Calendar of Events

May 2024
May 29, 2024
Colby Acuff
Show Starts:
8:00 pm
Show End:
12:00 am
Doors will open approximately 30minutes prior to show start time.
Entry Fee:
$
22
Ages
21
and up allowed
About the Show and the Artist:

Show 8pm // $22 Advance & $27 Day of Show

***This is a standing room general admissions show. There will be a limited number of chairs located in the back of the concert hall. Seating will be first come first served. The restaurant will be open for dinner starting at 4pm.

Felton Music Hall Presents:

COLBY ACUFF

Sometimes it seems like country has forgotten its wild roots – or least outgrown them, changing
as it has to reflect an ever-evolving world. Then there’s a guy like Colby Acuff.
A fourth generation Idaho native with a rugged spirit true to his mountain home, honest-to-a-fault
lyrics and a sound as raw as the remote wilderness, Acuff’s untamed brand of country stands
proudly apart in today’s format, pure and untouched by modern gimmicks.
Self-taught and largely self-contained, he’s already used it to find success on his own terms. Just
don’t expect him to follow the pack.
“If you wanna do something right, you’ve gotta do it yourself,” Acuff says, speaking with the
hardscrabble charm of an old-soul troubadour.
Hailing from Coeur d'Alene, Idaho, a Rocky Mountain oasis near the very top of the continental
U.S., that proudly-independent attitude forms the heart of Acuff’s outgoing personality – and a
creative drive stretching all the way back.
Growing up, Acuff was always busy with three things – fishing, duck hunting and making music –
and it was music that captured his imagination. He learned piano at 5, drums at 9 and guitar at 11,
took the stage for the first time at 12 and was even writing songs by 15 – and even those early
efforts were unique, inspired by bold artistic outliers.
Favorites included bluegrass trailblazers like Flatt & Scruggs, who broke away from the great Bill
Monroe to go their own way, plus country “outlaws” like Waylon Jennings and Willie Nelson –
some of the first to successfully buck the Nashville system. Even modern-day mavericks like
Sturgill Simpson and Tyler Childers have his admiration, although Acuff has always followed his
own winding path. So winding, in fact, he eventually wondered what else he could do ... and with
typical go-your-own-way flair, went and found out.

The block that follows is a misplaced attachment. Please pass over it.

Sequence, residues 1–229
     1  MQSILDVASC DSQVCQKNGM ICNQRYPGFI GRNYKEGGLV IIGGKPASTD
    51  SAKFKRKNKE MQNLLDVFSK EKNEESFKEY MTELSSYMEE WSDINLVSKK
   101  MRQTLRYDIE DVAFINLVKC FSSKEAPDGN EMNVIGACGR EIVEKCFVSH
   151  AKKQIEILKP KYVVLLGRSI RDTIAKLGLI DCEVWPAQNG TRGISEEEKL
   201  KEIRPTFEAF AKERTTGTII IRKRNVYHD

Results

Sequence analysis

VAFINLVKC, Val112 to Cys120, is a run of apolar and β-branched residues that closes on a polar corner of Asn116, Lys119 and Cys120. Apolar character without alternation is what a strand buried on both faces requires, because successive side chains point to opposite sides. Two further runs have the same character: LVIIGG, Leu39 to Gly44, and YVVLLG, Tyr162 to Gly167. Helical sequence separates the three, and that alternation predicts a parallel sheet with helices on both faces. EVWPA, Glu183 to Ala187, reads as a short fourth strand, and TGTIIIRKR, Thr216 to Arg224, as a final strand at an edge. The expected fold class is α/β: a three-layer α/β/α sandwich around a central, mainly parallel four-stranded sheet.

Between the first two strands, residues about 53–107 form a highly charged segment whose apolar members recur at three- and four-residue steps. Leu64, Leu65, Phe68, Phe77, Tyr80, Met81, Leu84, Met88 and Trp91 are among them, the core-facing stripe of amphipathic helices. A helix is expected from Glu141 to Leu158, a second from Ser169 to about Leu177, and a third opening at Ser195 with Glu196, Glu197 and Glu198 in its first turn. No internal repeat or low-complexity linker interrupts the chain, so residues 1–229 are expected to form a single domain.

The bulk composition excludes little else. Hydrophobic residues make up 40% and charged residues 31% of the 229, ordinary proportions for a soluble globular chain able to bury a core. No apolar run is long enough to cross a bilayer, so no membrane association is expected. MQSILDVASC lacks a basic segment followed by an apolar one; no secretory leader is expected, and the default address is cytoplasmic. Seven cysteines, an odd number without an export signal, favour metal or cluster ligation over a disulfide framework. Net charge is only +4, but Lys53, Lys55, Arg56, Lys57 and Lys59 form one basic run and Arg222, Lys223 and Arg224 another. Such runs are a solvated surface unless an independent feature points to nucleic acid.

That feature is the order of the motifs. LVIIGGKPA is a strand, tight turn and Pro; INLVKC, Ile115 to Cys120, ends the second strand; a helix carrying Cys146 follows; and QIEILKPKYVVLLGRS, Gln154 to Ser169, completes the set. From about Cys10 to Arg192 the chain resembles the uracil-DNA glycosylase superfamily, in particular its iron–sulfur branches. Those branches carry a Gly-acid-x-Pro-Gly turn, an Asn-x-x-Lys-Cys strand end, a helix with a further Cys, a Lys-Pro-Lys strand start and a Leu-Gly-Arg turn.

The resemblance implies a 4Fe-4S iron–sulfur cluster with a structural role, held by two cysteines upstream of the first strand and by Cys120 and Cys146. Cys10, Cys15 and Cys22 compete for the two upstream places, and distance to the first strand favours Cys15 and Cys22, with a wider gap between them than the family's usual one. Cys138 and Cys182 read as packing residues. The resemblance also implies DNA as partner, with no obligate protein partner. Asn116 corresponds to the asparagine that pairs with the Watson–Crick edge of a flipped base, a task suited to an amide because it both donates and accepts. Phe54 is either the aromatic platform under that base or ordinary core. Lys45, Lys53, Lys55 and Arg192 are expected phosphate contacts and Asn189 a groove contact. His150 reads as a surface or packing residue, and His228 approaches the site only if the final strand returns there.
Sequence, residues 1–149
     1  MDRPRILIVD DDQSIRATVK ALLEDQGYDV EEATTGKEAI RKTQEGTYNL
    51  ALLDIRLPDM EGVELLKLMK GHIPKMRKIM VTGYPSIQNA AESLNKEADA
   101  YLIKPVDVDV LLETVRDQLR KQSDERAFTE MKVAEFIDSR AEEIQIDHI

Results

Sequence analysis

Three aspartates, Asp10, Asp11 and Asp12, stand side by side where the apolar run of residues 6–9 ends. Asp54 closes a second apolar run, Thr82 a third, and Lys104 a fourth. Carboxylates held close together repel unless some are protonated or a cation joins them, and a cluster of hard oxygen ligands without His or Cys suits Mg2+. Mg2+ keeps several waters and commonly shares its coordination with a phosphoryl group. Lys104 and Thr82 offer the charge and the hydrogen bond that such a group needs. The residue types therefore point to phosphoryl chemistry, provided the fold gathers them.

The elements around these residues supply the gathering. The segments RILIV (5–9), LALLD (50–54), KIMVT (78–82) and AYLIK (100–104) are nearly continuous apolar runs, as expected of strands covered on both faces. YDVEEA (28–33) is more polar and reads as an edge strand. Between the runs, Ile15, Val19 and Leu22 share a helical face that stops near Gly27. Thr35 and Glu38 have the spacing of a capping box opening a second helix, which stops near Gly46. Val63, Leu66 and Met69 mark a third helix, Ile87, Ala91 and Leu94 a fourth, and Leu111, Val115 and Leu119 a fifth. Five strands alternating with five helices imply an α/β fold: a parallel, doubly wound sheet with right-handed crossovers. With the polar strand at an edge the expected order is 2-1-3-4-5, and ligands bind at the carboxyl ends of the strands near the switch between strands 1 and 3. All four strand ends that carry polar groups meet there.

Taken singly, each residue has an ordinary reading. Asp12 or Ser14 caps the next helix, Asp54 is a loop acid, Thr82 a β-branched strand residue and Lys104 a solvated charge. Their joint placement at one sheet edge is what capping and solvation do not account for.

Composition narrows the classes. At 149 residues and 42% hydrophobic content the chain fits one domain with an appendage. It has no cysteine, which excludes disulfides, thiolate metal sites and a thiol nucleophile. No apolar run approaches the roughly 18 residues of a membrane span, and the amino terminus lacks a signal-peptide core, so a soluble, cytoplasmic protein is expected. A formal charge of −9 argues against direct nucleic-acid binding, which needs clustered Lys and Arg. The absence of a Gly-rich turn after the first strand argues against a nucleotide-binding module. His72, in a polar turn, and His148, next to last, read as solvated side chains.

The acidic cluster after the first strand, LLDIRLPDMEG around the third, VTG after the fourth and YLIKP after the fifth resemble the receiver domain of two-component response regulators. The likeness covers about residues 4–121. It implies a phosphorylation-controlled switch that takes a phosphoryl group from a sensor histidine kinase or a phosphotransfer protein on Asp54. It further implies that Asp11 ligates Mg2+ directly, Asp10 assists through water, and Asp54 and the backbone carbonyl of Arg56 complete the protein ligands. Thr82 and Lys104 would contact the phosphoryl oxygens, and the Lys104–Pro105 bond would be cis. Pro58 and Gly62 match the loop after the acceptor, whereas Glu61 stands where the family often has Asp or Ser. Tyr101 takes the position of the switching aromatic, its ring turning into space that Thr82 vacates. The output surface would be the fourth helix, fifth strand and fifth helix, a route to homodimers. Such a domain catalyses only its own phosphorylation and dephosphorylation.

Studying economics in college, Acuff excelled in finance, sold real estate for rent money and was
even offered a job as a junior stockbroker – a cushy opportunity for any recent graduate. But he
turned it down cold. He could have worked 15 years and been handed a successful business,
Acuff explains. But that wasn’t him. As much as he bristled at the thought of office life, even
worse would be following a course he didn’t chart himself.
Instead, Acuff became a fly-fishing guide, spending days on the river and selling out bars each
night. The hometown hero traveled the Northwest releasing three independent albums from 2020
through 2022, including the “life changing” If I Were the Devil.
From two-stepping honky tonk anthems with a frontier philosopher's eye, to serene campfire
confessions, full of spiritual scar tissue and road-weary wisdom, each one was written solo and
pulled straight from the life he actually lived – and because of that, none were your “typical”
country song.
“I’ve never written for radio, I’ve never written for anything other than me and my fans – and I

don’t write love songs,” Acuff says with a laugh. “My girlfriend hates that about me.”
Working with acclaimed producer/engineer Eddie Spear (Zach Bryan, Brandi Carlile, Cody Jinks),
Acuff’s released his major label debut, Western White Pines, in 2023. Another batch of gritty,
solo-written songs – plus the first ever cowrites of a promising career – it introduced a country
talent as wild and free as the Idaho mountains themselves. The collection was regarded as one of
the year’s best albums by Saving Country Music, Whiskey Riff, All Country News, Country Chord,
and more.
He’s on the road with Flatland Cavalry and 49 Winchester throughout the spring and will join
Luke Combs for stadium dates across the country this summer. But despite this new chapter, he’s
got no plans of taming down.
“You’ve got two options: you can make music for you and the people who are gonna hear it, or
you can make music for the people who are gonna pay for it,” Acuff says. “And I always lean
toward making music for you and your fans.”

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